Returns in 2015 for the Final Episodes
Mad Men Lesson One: If you’re going to have a meltdown, it may as well be in a polka-dotted spaghetti strap party dress. At least that’s the case for Betty Draper, who manages to choose exactly the wrong thing to wear when saying what’s exactly right. Actually, that dress was interesting for several reasons:
1. The silhouette was still very traditional, but the colors were a big push forward for Betty D.
2. The silhouette was very sexy but the colors were very innocent and childlike.
3. The fabric was very expensive, but the overall effect was cheap.
And that means something brilliant is going on here: The dress is completely ambivalent, pulling at both the past and the future, at luxury and misery, at reality and lies. In a way, the dress transcends the scene to represent Betty herself — comfortable but uneasy, scared but bold, innocent but jaded. Really, the dress is saying “Should I stay or should I go?” Unfortunately, Betty herself won’t be able to say that for another 20 years, since the Clash didn’t write those lyrics until 1981. But I guess that’s the way it goes.
Also, I hope you noticed the other wives at that dinner party — between the neon plastic jewelry and the wallpaper prints on their dresses, I think it’s safe to say we’ve taken a big step into a new world, at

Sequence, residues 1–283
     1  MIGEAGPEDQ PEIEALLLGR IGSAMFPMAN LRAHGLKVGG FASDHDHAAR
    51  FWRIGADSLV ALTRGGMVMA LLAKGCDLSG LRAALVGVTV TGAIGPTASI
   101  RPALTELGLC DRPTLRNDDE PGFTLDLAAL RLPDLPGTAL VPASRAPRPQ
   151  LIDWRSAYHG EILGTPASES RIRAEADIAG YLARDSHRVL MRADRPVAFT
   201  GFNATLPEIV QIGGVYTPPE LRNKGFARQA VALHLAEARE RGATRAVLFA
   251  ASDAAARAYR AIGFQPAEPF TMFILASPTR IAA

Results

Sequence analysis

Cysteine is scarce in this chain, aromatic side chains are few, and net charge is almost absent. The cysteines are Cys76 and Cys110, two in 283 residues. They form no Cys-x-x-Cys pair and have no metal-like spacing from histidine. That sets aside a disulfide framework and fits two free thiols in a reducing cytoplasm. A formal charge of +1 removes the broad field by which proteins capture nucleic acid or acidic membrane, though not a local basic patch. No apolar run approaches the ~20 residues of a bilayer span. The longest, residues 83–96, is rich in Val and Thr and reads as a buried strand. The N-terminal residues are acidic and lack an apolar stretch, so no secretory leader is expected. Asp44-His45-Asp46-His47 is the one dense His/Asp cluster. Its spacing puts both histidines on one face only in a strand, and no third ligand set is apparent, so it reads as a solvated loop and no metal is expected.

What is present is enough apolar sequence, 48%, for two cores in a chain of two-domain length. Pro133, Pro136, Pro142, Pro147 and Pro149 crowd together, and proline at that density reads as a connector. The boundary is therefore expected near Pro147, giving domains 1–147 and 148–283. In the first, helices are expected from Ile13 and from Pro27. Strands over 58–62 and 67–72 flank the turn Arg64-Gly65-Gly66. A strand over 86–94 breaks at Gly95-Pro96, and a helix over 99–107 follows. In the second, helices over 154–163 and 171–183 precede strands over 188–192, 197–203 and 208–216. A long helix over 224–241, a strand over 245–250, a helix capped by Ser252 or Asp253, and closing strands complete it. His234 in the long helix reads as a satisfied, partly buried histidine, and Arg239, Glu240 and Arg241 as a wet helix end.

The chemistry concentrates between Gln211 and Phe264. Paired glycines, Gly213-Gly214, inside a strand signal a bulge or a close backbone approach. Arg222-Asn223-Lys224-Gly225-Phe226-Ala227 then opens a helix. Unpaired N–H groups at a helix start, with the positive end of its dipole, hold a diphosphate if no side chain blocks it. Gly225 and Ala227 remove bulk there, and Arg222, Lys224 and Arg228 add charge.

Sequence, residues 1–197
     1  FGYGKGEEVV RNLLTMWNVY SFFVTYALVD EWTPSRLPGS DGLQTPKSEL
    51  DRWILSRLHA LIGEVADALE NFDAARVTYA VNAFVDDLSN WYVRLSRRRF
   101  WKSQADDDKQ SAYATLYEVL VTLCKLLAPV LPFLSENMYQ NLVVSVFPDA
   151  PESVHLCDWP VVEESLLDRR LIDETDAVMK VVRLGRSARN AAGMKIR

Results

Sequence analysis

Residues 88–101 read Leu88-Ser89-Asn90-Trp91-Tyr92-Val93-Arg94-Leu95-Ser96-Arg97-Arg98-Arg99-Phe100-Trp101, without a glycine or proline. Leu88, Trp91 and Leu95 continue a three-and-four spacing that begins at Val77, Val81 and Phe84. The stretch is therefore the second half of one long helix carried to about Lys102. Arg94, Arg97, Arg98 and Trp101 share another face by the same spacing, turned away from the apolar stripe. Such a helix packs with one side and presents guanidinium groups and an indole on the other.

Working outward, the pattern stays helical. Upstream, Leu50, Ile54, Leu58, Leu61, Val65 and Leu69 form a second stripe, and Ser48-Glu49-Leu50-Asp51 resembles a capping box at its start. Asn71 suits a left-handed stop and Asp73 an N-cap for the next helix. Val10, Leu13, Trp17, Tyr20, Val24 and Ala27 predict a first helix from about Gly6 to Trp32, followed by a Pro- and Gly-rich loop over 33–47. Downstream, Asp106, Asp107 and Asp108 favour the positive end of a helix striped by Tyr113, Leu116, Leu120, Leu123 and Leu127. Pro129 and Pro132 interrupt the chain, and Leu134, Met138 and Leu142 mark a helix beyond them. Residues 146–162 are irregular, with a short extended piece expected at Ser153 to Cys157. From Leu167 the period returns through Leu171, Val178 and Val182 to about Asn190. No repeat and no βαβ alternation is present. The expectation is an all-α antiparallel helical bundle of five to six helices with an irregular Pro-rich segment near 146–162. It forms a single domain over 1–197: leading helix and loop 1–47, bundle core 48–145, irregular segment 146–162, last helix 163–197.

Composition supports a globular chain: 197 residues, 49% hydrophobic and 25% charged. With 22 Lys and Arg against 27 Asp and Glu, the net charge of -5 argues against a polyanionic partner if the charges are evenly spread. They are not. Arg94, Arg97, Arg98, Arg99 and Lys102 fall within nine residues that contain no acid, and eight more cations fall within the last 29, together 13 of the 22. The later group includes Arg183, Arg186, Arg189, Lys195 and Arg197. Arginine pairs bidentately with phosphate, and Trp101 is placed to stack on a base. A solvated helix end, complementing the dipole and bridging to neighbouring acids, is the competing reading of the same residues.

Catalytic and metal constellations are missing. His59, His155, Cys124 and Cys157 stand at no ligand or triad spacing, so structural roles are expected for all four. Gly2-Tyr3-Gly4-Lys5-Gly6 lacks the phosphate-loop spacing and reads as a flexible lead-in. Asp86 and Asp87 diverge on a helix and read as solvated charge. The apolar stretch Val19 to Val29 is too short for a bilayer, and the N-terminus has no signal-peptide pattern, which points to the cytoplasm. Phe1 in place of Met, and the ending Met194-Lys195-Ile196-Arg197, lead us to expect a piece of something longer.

least where wardrobes are concerned.
Meanwhile, Peggy Olson went back to her schoolgirl outfits (boo!) for a few meetings with Father Gill, and if you weren’t distracted by Colin Hanks himself (cutie!), you were probably pulled out of the scene by his
amazing “briefcase,” black with a giant cross painted on it, and small and square like a lunch box. I’ve no doubt that thing was historically accurate, but I’d also like to direct everyone to Gaultier’s couture
collection in ’98 and Versace’s ready to wear line, also from ’98, because guess what? That thing was remade into accessories and prints and sold for like a thousand dollars to Madonna wannabes everywhere. If you can find it vintage, buy it, flaunt it, love it. Also love this: That ambivalence represented in Betty’s dress? It came up again in Father Gill’s speech to Peggy about reconciling with God. It’s cute when a
priest flirts with a parishioner by telling her to confess, right? But more exciting is the way the dialogue can mirror the costumes and their themes.
Finally, let’s take a quick look at Jane Siegel, whose color palette has reverted straight back to nursery colors. In fact, her breasts look almost swaddled in her fuzzy blue sweater, and this can mean one of two
things: She’s staying far away from Joan’s jewel-toned signature style to get off her back, so to speak, and retreat from being a threat. Or, more likely / more fun (circle one), she’s subverting the colors of
youth to show Joan that she can be totally and completely replaced by someone younger and less shaped by the working world, and by something that now seems inevitable: Corporate ambition. Wonder how Joan’s
stuffed bra will edge her into that boardroom now…